Sarah Burton and Vikki Turbine
Who gets to have, and give, solidarity in the neoliberal university? Is solidarity even possible in an academy so savaged and pock-marked by casualisation? Wanting to examine these questions further we agreed to keep and share our ‘strike diaries’. Pertinently, we ask whether a feminist perspective that centres caring for ourselves and others can help find genuine opportunities for resistance and rejection of the neoliberal and managerial university. Here we (Sarah, fixed-term Teaching Fellow; Vikki, permanently-employed lecturer, at the outer limit of definition of ECR) some of our initial reflections on striking in the neoliberal university, casualisation, and the role of care and kindness in undertaking this form of labour.
A strike for all? The case of precarity and casualisation
‘Some people, though, have been openly hostile [to early career researchers concerned about striking] – lots of use of ‘scab’ and ‘scabbing’, and the accusation that you’re not collegiate if you don’t take part in strike action, even when structurally unable. There’s also been a level of holding ECRs to ransom – essentially telling me that I can’t expect support from senior colleagues if I don’t strike for (their) pensions. The understanding of differential ability to strike has often been terse at best.’ – from Sarah’s diary, before strike action began.
The contemporary university rests heavily on the shoulders of casualised workers – and this is a problem of both academic and professional services work. Casualisation and precarity is diverse – from Ph.D. researchers or freshly-minted early career scholars who work as hourly paid lecturers, to the proliferation of fixed-term Teaching Fellow contracts, Research Assistant roles that only employ you one or two days a week, project-dependent roles (academic and administrative) that are renewed ad hoc as more funding emerges – or summarily stopped when the money doesn’t come through. But precarity also comes in more subtle forms – women punished for taking maternity leave, racialised scholars dealing with everyday microaggressions, disabled academics contending with an academy that practically and conceptually shuts them out.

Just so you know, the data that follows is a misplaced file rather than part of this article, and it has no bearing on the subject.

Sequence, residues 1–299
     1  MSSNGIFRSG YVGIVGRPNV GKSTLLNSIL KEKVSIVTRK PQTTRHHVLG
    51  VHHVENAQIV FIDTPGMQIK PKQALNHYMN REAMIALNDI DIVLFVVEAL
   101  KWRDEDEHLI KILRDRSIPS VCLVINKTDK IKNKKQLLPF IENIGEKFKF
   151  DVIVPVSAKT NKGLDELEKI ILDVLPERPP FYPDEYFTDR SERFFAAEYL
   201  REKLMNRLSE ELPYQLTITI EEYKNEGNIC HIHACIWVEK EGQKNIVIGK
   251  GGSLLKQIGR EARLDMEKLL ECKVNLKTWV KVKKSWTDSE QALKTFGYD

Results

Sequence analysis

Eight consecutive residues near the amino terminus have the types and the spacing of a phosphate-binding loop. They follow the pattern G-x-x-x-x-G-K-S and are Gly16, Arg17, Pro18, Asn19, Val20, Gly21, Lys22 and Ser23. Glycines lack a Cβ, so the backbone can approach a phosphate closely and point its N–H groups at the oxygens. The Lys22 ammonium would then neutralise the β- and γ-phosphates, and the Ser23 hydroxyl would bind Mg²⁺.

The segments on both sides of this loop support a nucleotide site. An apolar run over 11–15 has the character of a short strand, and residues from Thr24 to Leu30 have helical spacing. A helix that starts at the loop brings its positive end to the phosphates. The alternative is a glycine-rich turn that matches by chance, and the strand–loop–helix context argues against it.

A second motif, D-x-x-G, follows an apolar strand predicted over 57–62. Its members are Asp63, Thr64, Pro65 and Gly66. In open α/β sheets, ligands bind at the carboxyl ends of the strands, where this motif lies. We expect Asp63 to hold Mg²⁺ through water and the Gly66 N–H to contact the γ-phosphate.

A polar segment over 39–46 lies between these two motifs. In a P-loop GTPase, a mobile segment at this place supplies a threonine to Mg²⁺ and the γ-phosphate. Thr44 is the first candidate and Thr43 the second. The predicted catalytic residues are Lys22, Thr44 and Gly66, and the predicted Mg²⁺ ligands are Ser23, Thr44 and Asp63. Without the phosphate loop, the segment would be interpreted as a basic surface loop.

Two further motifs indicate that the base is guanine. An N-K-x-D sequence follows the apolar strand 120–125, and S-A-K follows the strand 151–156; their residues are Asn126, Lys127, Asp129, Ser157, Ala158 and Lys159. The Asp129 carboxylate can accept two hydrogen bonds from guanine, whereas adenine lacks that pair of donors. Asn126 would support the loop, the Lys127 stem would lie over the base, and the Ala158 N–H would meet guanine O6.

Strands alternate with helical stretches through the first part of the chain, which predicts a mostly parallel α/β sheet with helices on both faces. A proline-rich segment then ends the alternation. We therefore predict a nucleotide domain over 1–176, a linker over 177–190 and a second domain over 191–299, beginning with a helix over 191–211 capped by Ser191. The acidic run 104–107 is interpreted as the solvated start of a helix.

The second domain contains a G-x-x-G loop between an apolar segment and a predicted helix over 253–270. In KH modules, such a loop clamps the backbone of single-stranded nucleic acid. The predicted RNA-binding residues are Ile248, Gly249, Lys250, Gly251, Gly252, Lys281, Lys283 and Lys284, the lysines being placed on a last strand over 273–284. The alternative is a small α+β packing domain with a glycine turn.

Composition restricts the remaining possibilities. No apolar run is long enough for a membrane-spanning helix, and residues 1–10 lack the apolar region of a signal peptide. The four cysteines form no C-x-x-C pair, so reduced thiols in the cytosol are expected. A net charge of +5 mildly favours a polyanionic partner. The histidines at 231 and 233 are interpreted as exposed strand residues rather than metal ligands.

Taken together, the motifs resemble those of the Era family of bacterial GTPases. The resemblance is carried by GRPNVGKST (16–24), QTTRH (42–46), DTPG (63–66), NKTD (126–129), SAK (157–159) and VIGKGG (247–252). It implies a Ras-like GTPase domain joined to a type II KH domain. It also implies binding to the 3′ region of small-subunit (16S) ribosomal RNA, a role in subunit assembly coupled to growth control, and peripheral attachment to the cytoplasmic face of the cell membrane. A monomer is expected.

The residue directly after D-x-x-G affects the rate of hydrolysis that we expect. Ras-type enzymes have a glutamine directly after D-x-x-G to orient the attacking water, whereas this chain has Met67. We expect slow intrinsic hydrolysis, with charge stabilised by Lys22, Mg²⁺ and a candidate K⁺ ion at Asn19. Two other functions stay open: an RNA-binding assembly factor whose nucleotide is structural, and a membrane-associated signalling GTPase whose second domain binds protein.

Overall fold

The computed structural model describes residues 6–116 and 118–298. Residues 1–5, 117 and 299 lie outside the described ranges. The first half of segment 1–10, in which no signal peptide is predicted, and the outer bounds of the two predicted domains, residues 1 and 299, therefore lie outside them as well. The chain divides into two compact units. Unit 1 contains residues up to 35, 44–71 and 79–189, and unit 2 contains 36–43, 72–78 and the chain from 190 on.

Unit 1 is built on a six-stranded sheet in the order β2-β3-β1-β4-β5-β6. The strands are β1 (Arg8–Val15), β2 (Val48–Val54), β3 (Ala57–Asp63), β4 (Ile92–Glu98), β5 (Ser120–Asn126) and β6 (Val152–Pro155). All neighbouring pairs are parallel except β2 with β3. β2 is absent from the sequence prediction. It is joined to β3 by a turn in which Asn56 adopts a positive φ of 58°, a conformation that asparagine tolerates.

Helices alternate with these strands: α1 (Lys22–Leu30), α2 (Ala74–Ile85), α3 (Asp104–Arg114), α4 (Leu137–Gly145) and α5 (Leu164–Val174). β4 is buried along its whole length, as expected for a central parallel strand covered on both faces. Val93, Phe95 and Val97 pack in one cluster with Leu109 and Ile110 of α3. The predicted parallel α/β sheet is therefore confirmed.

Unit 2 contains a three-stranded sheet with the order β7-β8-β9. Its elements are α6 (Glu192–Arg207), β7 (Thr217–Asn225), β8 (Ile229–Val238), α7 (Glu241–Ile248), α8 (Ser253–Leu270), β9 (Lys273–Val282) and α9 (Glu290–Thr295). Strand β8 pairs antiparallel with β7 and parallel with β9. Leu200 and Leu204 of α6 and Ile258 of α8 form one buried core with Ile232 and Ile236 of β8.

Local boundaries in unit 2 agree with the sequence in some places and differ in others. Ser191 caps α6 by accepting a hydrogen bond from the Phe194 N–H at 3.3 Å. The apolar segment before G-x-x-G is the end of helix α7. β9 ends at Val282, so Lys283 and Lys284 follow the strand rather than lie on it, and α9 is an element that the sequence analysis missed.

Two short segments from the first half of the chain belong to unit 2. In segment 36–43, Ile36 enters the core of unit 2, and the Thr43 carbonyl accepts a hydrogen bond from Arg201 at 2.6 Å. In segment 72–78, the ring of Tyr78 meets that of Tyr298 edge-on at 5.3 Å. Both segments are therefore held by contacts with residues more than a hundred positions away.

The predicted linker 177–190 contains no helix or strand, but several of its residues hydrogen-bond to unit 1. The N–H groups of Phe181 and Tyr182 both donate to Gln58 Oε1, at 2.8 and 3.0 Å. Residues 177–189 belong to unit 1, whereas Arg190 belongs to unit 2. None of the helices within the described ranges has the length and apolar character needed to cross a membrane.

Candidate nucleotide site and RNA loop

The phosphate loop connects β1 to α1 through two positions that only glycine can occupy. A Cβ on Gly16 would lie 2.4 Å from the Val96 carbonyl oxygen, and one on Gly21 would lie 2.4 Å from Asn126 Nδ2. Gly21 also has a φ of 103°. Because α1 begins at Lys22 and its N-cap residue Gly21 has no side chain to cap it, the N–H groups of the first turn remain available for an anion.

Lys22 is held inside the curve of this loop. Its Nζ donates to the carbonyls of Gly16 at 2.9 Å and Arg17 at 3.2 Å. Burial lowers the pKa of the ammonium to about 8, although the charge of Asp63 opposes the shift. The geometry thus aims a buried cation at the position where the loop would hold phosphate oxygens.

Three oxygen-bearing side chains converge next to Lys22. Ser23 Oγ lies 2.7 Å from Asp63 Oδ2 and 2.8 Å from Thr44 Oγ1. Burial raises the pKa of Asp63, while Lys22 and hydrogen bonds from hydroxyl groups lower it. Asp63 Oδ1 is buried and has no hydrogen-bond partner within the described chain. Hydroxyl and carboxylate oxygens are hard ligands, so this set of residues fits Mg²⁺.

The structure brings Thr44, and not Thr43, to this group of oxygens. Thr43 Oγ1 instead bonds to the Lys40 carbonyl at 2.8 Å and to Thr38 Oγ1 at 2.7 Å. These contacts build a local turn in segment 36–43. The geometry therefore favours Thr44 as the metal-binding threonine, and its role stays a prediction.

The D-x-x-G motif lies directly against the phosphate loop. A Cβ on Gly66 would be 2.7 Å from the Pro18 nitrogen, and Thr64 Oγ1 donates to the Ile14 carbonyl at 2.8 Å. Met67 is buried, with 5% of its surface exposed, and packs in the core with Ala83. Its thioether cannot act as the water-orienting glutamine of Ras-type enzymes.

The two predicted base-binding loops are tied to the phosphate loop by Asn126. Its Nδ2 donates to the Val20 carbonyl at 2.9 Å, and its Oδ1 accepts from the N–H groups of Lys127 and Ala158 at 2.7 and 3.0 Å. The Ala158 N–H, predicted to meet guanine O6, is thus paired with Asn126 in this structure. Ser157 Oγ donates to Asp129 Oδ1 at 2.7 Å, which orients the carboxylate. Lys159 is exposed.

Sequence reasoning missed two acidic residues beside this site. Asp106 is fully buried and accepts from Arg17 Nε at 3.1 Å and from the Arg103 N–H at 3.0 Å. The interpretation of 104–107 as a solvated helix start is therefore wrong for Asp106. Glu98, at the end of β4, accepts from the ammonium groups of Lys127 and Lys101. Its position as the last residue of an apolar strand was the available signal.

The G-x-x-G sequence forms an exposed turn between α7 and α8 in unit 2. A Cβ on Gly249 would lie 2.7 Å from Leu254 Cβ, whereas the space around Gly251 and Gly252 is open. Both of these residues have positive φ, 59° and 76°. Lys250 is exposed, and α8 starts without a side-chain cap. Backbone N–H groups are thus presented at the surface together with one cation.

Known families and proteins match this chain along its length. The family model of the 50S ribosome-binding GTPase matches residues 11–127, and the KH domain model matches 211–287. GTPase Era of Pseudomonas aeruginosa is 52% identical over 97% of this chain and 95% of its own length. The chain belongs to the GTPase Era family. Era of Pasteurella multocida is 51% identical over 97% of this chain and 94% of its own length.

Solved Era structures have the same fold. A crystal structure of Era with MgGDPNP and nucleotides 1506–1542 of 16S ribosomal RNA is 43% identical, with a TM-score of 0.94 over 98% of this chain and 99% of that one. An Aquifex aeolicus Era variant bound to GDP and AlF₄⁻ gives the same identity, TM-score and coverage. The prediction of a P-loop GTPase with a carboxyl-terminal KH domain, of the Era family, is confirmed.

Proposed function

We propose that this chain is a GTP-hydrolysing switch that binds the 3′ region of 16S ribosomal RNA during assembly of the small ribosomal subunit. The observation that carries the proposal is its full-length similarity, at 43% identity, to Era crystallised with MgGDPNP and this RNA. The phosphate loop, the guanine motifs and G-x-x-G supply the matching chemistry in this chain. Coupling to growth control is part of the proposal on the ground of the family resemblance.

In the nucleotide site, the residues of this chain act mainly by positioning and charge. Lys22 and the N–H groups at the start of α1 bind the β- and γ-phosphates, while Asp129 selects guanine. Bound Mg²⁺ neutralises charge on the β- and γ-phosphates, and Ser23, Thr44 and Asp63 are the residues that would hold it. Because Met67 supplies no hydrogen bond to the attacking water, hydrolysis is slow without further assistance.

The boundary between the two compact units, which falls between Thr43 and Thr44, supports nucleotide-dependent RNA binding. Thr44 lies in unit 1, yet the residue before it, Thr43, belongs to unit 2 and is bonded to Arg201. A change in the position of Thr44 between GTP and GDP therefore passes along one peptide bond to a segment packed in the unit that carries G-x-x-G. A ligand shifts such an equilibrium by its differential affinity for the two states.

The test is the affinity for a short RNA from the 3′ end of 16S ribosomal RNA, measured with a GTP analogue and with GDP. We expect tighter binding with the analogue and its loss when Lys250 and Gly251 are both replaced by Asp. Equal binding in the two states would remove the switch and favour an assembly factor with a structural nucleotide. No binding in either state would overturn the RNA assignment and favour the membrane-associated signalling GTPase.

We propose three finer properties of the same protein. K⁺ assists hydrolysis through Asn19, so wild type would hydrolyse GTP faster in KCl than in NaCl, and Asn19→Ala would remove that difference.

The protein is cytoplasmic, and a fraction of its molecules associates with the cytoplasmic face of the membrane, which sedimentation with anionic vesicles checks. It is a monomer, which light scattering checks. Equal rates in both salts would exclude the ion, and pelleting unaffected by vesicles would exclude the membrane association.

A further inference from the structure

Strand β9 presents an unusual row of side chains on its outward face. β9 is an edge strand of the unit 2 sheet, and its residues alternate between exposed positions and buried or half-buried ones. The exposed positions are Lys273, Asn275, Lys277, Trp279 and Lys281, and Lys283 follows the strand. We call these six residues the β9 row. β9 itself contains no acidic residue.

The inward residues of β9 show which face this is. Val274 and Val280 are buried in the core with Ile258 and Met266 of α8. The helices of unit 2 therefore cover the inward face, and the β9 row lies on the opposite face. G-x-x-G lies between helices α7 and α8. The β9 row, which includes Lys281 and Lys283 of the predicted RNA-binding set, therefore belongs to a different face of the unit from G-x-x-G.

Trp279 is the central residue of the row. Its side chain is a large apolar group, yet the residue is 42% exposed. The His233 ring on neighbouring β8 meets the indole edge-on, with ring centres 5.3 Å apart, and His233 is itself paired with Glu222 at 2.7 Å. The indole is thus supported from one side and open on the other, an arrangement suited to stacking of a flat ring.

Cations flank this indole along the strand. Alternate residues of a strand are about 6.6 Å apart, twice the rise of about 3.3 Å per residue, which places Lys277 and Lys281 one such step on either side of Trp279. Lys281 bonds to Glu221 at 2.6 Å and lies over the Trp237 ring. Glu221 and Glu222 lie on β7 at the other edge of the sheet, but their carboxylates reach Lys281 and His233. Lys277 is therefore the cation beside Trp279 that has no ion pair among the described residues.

These details are not insignificant to a discussion of striking – the financial and professional ‘bite’ of striking snaps harder at the heels of those who are always already precarious in the university. How do you show your solidarity when striking knocks out the last month of your hourly-paid income – and you don’t know if you’ll get another job? How can you feel in solidarity when a securely-employed professor calls you a scab for doing your unpaid research on a strike day? In a space where the compassion afforded those who are viscerally worried about becoming even more precarious can be ‘terse at best’, how can we reflect on these failures of care in ways that allow us to build the university anew?
Importantly, though, in what ways has the recent UCU strike allowed new solidarities to be found and formed – and created a space for and of care? The relationships, connections, and allegiances formed during the strike allow us to locate and develop this invigorated form of striking which centres care, kindness, and generosity – and in doing so mounts a powerful conceptual challenge to the idea of the competitive, individualistic, and ruthless neoliberal university.